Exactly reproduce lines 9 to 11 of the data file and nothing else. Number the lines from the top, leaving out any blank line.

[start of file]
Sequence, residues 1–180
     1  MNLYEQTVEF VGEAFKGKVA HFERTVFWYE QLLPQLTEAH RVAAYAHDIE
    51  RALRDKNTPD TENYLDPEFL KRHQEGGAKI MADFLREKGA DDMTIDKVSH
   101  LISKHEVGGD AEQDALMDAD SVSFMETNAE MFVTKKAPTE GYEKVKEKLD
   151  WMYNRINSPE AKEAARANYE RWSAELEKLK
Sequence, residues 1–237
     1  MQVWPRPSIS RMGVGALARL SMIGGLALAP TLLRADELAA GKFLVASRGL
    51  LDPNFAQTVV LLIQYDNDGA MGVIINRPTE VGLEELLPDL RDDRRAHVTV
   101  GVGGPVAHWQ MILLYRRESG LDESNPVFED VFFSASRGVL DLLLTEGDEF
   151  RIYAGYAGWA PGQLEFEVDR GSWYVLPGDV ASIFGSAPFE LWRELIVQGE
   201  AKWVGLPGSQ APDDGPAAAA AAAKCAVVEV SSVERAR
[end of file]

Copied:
   101  GVGGPVAHWQ MILLYRRESG LDESNPVFED VFFSASRGVL DLLLTEGDEF
   151  RIYAGYAGWA PGQLEFEVDR GSWYVLPGDV ASIFGSAPFE LWRELIVQGE
   201  AKWVGLPGSQ APDDGPAAAA AAAKCAVVEV SSVERAR